Effect of Intrathecal Morphine in Controls and Diabetic Rats
Intrathecal morphine (2–10 μg) in controls (n = 7 to 8) dose dependently increased the withdrawal threshold in response to the pressure stimulus (fig. 1A). The maximal effect of morphine appeared within 30 min after intrathecal injection, and the effect gradually diminished within 2 to 3 h. However, the antinociceptive effect of intrathecal morphine (2–10 μg) in diabetic rats (n = 8 to 9) was significantly attenuated (fig. 1B) compared with that in controls. The antinociceptive effect of morphine in diabetic animals decreased significantly, with an ED50increasing about twofold compared with that for controls (fig. 2). The Hill slope was 1.76 for the control group and 1.34 for the diabetic group. The estimated ED50(95% confidence limits) of the effect of intrathecal morphine for the control and diabetic groups were 6.14 (2.39–24.78) and 13.37 (3.64–57.22) μg, respectively.
In four controls, intrathecal morphine (5 μg) increased significantly the withdrawal latency of the hind paw from 11.2 ± 2.3 to 22.4 ± 3.1 s in 30 min, and the effect of morphine lasted about 90 min. By contrast, morphine had no significant effect on the withdrawal latency of the forepaw within 120 min after drug injection. The withdrawal latency of the forepaw was 10.8 ± 2.5 s during the control and 10.5 ± 2.2 s 30 min after morphine injection.
Immunocytochemistry Labeling of Spinal μ Opioid Receptors in Controls and Diabetic Rats
The immunoreactivity of μ opioid receptors was mainly concentrated in the neuropil of the superficial laminae of the spinal cord dorsal horn in both controls and diabetic rats (fig. 3). The omission of the primary antibody resulted in negative labeling in the spinal cord. The density of μ opioid receptor immunoreactivity in laminae I–III of the spinal cord was not significantly different between controls and diabetic rats (relative absorbance: 0.35 ± 0.02 vs. 0.34 ± 0.01; P > 0.05).
Spinal [3H]-DAMGO Binding in Controls and Diabetic Rats
We observed that [3H]-DAMGO had a single and saturable high-affinity binding site in the dorsal spinal cord tissue in both controls and diabetic rats (n = 6 in each group;fig. 4). The dissociation constant was similar for control (3.99 ± 0.22 nm) and diabetic (4.01 ± 0.23 nm) groups. Furthermore, the maximal specific binding of [3H]-DAMGO binding in diabetic rats (346.88 ± 35.23 fmol/mg protein) was not significantly different from that in controls (352.78 ± 37.26 fmol/mg protein; P > 0.05).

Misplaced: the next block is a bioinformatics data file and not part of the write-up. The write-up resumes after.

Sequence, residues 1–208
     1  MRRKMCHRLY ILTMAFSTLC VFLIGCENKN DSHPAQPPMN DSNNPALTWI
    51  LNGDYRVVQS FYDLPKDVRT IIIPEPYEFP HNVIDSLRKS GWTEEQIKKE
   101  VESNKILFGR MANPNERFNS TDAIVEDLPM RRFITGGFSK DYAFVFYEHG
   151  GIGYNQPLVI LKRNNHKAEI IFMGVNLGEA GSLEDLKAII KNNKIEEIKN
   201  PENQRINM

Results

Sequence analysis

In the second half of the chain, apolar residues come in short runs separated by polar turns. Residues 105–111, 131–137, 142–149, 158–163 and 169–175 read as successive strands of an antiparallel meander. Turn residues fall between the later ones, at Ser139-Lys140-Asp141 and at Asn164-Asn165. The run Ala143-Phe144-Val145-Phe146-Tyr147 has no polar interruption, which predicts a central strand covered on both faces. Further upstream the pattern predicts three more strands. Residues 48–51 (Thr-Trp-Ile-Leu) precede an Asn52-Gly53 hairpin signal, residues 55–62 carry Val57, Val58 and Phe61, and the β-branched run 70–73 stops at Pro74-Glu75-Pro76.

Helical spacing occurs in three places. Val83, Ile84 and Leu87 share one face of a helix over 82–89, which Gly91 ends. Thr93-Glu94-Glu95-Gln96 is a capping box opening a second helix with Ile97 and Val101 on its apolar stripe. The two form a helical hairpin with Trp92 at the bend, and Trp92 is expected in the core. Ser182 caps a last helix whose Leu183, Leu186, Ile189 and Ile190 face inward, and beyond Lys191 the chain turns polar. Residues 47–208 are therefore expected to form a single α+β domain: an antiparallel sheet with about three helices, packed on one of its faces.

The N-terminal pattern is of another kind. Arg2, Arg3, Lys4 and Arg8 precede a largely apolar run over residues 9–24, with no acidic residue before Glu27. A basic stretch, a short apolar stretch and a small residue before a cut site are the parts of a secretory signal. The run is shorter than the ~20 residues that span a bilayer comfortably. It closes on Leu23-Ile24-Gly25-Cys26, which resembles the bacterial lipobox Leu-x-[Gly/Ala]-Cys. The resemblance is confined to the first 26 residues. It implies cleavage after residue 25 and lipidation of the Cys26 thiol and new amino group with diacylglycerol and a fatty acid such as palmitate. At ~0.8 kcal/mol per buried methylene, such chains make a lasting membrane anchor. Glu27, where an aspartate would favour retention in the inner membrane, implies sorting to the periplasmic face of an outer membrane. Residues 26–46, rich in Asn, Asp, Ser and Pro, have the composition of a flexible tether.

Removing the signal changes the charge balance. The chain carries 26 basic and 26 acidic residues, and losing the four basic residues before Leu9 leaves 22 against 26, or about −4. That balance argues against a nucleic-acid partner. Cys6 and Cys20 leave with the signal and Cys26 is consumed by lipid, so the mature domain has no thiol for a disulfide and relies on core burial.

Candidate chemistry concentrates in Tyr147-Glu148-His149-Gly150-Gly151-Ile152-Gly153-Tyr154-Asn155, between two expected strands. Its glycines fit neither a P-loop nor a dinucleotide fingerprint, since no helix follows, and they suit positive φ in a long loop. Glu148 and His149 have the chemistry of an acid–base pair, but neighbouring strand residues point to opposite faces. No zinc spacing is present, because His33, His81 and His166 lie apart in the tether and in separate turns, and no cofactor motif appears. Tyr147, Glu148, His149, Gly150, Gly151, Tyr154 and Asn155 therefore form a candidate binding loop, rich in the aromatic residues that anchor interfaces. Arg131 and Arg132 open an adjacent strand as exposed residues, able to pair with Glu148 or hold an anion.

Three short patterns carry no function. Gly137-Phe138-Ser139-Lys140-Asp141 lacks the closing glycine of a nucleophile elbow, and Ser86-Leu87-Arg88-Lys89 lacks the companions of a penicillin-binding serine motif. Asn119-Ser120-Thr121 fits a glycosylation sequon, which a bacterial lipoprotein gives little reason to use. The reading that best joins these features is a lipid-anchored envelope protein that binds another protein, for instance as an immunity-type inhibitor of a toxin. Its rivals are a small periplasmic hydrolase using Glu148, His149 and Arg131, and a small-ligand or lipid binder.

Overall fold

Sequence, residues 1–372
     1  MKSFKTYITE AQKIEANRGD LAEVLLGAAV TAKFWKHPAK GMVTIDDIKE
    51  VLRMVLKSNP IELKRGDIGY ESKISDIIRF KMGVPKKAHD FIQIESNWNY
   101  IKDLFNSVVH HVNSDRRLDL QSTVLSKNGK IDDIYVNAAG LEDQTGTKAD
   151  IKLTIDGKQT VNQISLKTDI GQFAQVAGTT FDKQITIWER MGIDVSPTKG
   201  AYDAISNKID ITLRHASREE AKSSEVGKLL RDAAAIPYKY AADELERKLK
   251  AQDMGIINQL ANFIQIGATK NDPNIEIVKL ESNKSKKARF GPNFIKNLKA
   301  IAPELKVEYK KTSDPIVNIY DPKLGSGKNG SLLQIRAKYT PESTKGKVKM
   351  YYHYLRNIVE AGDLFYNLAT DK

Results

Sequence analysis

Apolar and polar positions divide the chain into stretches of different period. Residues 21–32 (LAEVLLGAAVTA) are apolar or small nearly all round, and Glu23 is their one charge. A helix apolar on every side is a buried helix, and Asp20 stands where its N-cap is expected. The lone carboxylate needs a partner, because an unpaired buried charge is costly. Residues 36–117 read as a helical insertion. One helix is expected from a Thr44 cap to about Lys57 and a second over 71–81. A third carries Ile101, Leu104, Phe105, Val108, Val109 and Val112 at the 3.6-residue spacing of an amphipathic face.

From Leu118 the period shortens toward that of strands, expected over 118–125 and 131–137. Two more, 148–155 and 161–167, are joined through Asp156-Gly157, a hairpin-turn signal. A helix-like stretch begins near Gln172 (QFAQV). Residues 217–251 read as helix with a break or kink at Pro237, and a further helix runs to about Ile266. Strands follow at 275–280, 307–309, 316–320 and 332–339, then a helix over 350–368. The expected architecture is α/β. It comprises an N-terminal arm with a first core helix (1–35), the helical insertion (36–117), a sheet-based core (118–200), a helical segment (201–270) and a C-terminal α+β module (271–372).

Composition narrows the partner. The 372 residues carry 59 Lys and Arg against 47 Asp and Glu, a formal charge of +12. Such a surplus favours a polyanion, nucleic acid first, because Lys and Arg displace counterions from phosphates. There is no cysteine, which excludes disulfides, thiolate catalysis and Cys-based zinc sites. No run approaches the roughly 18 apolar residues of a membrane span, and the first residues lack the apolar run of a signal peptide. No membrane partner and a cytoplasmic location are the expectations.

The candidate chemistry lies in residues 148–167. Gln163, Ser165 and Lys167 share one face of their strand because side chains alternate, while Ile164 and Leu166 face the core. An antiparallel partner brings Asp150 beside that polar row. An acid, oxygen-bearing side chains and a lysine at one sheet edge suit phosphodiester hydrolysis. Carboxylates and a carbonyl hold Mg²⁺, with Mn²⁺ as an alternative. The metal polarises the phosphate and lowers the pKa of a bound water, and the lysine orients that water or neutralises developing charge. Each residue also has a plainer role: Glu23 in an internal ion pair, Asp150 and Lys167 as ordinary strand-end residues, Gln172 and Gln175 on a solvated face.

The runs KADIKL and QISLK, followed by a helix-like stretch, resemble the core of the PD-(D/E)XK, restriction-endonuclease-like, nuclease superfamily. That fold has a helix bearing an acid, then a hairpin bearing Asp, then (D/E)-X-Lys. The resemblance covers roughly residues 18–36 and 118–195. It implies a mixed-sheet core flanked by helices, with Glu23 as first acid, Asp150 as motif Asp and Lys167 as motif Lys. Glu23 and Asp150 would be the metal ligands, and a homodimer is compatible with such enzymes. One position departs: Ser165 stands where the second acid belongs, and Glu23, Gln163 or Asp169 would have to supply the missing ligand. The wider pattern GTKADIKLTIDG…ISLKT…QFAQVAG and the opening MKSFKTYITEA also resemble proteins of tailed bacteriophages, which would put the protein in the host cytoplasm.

In the current study, we first determined the potential changes in the antinociceptive effect of intrathecal morphine in a rat model of diabetic neuropathic pain. We found that the effect of intrathecal morphine was significantly reduced in rats with diabetic neuropathy. In addition, we examined the density and binding affinity of μ opioid receptors in the spinal cord, using both immunocytochemistry and radioligand binding techniques for controls (age-matched normal rats) and diabetic rats. In contrast to the behavioral finding, the μ opioid receptor density and the maximal specific binding and dissociation constant of μ opioid receptors in the dorsal spinal cord were similar for controls and diabetic rats. Thus, these data suggest that the reduced analgesic action of intrathecal μ opioids in diabetic neuropathy is unlikely to be due to a decreased number of μ opioid receptors in the spinal cord. Considering the recent finding that DAMGO-stimulated [35S]GTPγS binding is largely attenuated in the spinal cord of diabetic rats, 14the reduced spinal analgesic action of μ opioids probably is caused by impairment of μ opioid receptor–G protein coupling. Therefore, this study provides supplemental new information about the mechanisms of reduced spinal μ opioid analgesia in diabetic neuropathic pain.